Be prepared for college - Students, “college prep” is about more than the classes that you take. It’s also about developing the skills that will help you succeed in college and life. For instance, as you balance studying and having fun, you’ll be practicing time management; and as you save for college, you’ll be learning money management. Our checklists suggest these and many other steps you can take, as well as websites you can explore, as you prepare academically and financially for college.
Cost of school considerations - The cost of college can include a variety of items including some you might not expect. By understanding college costs, you can compare schools and explore options in a more equitable fashion.
Tuition Exchange Membership listing – Today Tuition Exchange membership numbers are more than 672 schools strong. There is a school fit for everyone. If you or your parent is employed at one of our schools, visit with the Tuition Exchange Officer soon to find out more.
Guided Path - GuidedPath is a product of MyCCA Corporation, which has been the leader in college planning solutions, having helped over 1,500 college advisor and 50,000 plus students worldwide to navigate college planning and applications successfully. This comprehensive fee-based product helps students find their best college fit in an online environment.
Want a simple checklist?
CLICK HERE for what you need to know about your Export (home) TE school.
CLICK HERE for what you need to consider when considering Import TE schools.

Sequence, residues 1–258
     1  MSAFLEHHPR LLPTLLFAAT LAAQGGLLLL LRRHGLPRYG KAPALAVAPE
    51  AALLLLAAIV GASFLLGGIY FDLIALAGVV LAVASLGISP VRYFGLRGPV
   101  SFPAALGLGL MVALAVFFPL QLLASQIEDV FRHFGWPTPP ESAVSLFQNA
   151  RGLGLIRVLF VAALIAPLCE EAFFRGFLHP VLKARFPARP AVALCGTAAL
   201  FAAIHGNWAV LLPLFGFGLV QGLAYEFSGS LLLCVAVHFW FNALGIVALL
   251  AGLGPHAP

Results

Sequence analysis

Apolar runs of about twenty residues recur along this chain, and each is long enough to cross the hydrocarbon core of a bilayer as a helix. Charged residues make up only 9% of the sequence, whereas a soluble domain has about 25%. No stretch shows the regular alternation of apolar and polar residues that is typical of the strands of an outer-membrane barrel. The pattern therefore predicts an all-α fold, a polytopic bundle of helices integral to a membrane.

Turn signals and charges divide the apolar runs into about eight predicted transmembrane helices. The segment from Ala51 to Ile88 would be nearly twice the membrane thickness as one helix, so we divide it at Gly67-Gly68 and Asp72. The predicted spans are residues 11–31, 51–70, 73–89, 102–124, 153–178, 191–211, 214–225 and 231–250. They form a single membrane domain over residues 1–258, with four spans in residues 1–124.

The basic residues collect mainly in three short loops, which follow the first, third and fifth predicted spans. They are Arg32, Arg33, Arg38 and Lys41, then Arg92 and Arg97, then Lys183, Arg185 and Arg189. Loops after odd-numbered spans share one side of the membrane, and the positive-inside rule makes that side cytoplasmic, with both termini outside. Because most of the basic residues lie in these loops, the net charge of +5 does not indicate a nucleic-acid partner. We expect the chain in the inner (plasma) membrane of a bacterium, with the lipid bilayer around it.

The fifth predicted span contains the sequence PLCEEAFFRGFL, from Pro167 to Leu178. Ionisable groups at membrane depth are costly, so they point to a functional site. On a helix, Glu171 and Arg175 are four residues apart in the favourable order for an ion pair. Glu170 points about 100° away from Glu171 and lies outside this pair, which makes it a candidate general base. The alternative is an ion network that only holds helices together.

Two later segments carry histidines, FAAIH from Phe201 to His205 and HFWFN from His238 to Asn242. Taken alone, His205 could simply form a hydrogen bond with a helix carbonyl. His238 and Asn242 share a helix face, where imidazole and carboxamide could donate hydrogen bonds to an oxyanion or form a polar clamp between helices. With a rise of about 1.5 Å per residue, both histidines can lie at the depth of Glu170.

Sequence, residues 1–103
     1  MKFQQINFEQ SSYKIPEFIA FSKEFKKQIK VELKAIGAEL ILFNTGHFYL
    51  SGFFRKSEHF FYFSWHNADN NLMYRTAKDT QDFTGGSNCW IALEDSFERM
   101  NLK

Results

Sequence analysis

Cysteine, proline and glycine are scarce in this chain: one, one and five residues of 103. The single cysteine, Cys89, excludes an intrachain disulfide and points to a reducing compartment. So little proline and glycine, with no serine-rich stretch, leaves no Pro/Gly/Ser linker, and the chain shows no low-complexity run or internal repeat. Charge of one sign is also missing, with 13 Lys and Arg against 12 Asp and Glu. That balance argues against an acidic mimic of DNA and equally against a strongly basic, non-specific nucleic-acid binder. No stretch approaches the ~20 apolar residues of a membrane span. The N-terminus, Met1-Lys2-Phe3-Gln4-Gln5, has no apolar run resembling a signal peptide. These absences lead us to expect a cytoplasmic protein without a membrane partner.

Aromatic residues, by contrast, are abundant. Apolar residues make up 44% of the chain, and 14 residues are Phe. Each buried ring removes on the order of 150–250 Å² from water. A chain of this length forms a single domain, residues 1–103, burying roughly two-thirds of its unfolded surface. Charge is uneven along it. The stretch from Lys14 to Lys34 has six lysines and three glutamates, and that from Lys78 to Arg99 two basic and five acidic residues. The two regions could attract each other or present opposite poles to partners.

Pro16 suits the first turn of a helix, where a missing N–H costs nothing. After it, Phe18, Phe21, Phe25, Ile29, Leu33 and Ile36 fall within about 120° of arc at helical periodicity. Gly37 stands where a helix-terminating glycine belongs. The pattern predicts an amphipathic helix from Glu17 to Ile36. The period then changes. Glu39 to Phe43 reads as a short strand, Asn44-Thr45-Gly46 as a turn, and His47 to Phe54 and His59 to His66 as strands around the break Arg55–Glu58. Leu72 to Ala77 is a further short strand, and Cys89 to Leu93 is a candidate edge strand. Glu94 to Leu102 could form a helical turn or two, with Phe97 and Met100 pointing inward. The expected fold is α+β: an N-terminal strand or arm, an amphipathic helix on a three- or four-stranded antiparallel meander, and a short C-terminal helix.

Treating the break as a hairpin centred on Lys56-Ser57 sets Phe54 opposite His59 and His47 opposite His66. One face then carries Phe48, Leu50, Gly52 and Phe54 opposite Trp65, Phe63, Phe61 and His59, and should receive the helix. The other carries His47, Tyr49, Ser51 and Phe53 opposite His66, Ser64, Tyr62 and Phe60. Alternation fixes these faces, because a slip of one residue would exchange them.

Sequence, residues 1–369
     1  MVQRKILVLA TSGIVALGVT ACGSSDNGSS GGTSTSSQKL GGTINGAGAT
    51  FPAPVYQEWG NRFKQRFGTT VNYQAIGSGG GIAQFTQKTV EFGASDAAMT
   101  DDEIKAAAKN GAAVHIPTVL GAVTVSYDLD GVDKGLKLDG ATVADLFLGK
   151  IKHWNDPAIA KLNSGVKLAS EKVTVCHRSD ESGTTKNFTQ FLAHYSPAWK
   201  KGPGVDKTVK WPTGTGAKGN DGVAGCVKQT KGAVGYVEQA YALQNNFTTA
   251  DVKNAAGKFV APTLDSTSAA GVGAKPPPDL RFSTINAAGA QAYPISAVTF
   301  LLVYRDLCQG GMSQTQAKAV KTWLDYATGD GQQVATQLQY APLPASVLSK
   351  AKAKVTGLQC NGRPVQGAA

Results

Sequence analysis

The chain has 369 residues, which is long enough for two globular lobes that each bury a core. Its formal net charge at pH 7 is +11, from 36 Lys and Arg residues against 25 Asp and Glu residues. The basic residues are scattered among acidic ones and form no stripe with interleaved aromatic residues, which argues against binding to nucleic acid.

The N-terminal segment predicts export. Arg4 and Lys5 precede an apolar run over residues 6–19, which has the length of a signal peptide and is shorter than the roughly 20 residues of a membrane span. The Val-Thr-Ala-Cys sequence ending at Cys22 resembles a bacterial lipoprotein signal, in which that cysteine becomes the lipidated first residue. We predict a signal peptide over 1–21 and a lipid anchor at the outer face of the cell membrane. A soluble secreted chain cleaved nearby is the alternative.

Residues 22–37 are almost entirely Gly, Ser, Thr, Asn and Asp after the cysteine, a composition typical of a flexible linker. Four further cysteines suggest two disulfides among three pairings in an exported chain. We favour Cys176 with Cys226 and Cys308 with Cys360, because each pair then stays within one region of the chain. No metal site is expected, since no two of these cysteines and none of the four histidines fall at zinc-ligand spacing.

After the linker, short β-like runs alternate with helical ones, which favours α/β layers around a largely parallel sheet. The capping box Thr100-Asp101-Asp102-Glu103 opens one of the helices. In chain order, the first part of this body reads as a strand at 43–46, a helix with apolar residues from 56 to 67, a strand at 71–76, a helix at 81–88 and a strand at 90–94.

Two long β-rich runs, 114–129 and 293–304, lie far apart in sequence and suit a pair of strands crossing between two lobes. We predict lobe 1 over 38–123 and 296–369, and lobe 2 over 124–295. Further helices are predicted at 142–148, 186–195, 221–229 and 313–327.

If you are considering applying at a TE school in order to receive TE opportunities for your dependents OR switching jobs to another TE school, please understand there are often times requirements for years of service and in some cases the type of employment you are seeking makes a difference. For example, adjunct faculty generally do not qualify. Many schools contract their food service and maintenance services. In these cases, you are typically not considered an employee of the college.
Tuition Exchange Central is unable to provide you with answers or guidance regarding employment decisions. Please contact Human Resources at the school where you are seeking employment. They are your best resource.
If you find yourself no longer employed by the school, you are typically no longer eligible for TE opportunities. If in doubt, contact your Tuition Exchange Liaison Officer at the school where you were employed.
In order to be eligible to apply for Tuition Exchange scholarships, the student must be the dependent of an eligible employee at one of the 672 plus member schools. If you or an immediate family member is not an employee of an eligible TE school - you do not qualify for Tuition Exchange. For unique dependency questions - visit with your employer about your individual situation. TE Central is not able to help you qualify or respond to dependency questions - only your home TELO can.